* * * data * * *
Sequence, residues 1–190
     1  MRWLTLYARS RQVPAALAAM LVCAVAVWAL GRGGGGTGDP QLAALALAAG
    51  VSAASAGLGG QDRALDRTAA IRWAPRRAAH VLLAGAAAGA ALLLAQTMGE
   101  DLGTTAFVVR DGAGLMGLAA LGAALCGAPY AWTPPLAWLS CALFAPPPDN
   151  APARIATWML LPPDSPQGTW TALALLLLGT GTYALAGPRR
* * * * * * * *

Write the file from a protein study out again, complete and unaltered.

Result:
Sequence, residues 1–190
     1  MRWLTLYARS RQVPAALAAM LVCAVAVWAL GRGGGGTGDP QLAALALAAG
    51  VSAASAGLGG QDRALDRTAA IRWAPRRAAH VLLAGAAAGA ALLLAQTMGE
   101  DLGTTAFVVR DGAGLMGLAA LGAALCGAPY AWTPPLAWLS CALFAPPPDN
   151  APARIATWML LPPDSPQGTW TALALLLLGT GTYALAGPRR